Changes to the law mean updating your employee handbook and written policies

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This year, Governor Newsom signed several bills into law that affect California employers, many of which take effect on January 1, 2020. Though most of these laws do not explicitly instruct employers to update their handbooks, some may invalidate provisions that are contained in existing employee handbooks, written policies or other documents provided to employees, such as pay plans. Here are a few things to keep in mind:

Lactation accommodation:

The new lactation accommodation law set to take effect explicitly requires employers to develop, implement and distribute a written lactation accommodation policy by January 1, 2020. Employers who already have a written policy should make sure that the policy is reviewed and updated to comport with the new lactation accommodation requirements.

Government postings, notices and pamphlets:

Under certain circumstances, employers are required to provide employees with additional notices and pamphlets regarding their rights, beyond what employers are required to keep posted at all times. As new laws come into effect, the State of California will need to update its notices to employees and pamphlets to reflect these changes, such as the extension of the maximum duration of paid family leave benefits from six to eight weeks, which will become effective July 1, 2020. Since the law is always changing, and distribution materials are frequently updated, it is a good idea to print these materials directly from the government websites when they are needed (such as the Employment Development Department website), rather than copying and relying on older versions that are kept in the company files.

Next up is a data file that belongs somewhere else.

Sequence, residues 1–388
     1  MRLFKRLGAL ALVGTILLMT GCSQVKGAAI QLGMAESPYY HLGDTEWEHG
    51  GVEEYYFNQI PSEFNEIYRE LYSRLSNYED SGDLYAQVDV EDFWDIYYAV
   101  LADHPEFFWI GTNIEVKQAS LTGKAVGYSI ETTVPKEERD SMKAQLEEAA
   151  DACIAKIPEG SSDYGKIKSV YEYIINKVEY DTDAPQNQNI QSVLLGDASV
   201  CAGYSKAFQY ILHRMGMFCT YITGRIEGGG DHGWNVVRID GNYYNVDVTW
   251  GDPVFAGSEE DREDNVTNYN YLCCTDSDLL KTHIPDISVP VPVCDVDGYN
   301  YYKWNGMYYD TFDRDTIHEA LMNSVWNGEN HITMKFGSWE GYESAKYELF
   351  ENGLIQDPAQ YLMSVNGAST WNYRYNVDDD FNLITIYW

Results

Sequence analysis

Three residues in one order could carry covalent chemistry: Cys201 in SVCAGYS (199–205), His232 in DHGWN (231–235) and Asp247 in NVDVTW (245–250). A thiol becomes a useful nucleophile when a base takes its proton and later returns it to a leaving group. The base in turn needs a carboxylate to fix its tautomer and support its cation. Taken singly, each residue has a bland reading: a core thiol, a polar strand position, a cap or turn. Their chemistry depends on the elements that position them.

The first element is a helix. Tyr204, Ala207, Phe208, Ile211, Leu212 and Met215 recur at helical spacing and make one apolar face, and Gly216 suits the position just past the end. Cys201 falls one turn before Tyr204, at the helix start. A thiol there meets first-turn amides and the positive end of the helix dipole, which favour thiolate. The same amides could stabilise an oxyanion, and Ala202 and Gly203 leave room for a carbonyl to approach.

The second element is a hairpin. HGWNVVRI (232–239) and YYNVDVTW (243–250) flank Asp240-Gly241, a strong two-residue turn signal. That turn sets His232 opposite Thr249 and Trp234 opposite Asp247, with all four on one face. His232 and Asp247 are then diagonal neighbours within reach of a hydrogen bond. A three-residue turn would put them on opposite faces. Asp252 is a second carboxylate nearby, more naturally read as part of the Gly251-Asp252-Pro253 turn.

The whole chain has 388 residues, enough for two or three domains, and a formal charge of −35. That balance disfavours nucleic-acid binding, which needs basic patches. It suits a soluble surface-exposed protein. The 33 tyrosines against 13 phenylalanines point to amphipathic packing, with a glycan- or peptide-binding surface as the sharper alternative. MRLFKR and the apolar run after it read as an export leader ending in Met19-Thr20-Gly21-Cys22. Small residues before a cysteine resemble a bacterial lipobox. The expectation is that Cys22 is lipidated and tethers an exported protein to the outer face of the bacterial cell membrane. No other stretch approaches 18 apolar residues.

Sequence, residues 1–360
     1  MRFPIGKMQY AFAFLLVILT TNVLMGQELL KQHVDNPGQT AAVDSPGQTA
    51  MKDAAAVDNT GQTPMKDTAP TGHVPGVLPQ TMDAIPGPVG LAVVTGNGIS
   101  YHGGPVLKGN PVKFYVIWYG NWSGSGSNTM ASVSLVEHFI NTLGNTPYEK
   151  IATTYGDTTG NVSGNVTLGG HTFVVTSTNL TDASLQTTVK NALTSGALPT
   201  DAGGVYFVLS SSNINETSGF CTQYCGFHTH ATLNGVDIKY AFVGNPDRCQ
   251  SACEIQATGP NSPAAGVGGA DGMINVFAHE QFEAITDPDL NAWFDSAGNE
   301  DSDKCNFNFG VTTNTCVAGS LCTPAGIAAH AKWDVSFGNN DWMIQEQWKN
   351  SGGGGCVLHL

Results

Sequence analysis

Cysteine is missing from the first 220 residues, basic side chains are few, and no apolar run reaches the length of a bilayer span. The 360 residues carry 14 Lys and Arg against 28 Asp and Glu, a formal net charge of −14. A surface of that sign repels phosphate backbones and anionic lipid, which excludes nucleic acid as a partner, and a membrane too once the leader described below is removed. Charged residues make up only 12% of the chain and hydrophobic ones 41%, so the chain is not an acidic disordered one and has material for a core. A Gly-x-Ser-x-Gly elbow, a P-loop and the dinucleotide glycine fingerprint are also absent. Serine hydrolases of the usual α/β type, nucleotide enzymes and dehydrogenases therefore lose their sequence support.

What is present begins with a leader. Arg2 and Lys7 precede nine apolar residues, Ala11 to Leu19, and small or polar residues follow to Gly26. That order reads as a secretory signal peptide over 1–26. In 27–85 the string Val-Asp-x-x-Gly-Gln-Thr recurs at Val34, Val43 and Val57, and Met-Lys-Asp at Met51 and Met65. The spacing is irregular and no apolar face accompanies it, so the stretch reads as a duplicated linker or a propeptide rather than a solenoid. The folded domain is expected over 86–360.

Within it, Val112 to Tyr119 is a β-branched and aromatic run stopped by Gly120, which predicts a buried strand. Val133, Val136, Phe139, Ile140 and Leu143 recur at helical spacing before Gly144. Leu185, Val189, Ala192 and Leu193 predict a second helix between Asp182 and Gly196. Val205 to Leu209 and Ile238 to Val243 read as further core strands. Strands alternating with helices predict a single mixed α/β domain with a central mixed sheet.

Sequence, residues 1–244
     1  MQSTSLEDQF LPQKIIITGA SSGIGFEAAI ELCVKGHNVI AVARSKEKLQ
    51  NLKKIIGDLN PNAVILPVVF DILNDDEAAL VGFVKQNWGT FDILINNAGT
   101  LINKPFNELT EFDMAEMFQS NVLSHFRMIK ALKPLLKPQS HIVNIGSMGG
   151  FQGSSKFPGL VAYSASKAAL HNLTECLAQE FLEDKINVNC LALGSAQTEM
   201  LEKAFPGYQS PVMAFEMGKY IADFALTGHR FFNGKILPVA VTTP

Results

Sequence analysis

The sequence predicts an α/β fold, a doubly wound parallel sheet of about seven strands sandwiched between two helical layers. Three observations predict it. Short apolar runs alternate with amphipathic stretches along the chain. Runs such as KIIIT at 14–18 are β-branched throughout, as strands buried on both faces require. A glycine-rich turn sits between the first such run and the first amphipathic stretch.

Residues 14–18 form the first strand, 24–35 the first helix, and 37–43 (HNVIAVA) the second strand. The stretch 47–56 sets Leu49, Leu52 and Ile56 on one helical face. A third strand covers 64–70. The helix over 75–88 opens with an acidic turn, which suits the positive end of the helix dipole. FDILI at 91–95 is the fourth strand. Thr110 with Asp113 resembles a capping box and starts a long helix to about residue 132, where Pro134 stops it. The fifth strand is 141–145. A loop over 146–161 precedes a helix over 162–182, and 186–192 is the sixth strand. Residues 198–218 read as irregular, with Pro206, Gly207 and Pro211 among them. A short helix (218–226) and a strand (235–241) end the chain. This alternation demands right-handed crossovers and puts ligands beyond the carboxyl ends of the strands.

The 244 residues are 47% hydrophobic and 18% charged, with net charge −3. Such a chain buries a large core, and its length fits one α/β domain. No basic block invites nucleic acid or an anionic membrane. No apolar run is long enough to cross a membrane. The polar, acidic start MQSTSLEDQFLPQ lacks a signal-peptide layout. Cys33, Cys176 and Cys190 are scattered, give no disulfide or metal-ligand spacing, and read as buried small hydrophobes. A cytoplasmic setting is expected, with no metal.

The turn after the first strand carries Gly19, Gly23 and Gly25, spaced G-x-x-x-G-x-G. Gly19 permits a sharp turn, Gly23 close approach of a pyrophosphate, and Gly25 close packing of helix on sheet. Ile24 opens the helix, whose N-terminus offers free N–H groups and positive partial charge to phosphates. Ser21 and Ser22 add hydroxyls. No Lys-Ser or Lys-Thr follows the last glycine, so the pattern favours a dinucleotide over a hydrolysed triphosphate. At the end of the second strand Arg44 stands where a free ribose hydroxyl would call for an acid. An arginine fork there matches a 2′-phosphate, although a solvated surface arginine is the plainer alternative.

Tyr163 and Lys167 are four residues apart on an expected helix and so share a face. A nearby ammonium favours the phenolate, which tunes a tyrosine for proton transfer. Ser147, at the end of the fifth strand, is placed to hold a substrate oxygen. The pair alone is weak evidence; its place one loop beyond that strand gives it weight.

Minimum wage postings and other materials:

Minimum wages in the State of California and in several cities are set to increase effective January 1, 2020, as are the minimum wages for certain categories of employees. Other cities will see a minimum wage increase on July 1, 2020. Employers should be cognizant of the changes affecting their employees and update their required minimum wage postings, as well as any written policies or documents (such as pay plans) that identify the minimum wage as a specific dollar amount.

Organ donor policies:

If an employer maintains a written policy regarding leave time for organ donors, that written policy should be revised to reflect the new law’s requirements, specifically, that eligible employees are entitled to an additional 30 days of unpaid leave in addition to the 30 days of paid leave the law already required.

Grooming policies:

If employee handbooks contain a grooming or dress code policy that may be interpreted as targeting hairstyles typically associated with a particular race, employers will need to revise them prior to January 1, 2020.

On-call agreements:

In light of a recent case finding certain on-call shifts to be compensable time, employers should review any on-call agreements contained in their employee handbooks.

Arbitration agreements:

As of now, no injunction has been filed against a bill set to take effect on January 1, 2020 that prohibits mandatory arbitration agreements in employment. Thus, prior to the New Year, employers may need to revise arbitration agreements provided to employees.


It is highly recommended that employers obtain the assistance of legal counsel in evaluating and revising written policies, pay plans and agreements.